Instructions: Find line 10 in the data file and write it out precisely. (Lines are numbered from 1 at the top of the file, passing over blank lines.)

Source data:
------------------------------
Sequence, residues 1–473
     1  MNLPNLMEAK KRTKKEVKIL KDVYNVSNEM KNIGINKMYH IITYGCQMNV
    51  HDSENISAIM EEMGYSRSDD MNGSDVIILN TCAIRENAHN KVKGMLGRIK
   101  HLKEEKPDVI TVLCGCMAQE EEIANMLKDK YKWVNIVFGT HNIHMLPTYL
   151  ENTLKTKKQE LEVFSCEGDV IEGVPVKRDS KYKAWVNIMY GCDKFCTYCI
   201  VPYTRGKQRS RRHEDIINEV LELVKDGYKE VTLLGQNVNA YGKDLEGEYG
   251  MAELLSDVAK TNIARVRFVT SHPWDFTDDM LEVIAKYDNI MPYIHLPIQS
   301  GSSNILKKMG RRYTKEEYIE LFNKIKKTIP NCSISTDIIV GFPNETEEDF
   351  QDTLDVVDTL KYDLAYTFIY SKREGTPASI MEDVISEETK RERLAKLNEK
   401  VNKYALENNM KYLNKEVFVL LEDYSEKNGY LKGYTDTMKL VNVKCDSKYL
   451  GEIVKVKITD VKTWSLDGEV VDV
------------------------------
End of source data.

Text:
   401  VNKYALENNM KYLNKEVFVL LEDYSEKNGY LKGYTDTMKL VNVKCDSKYL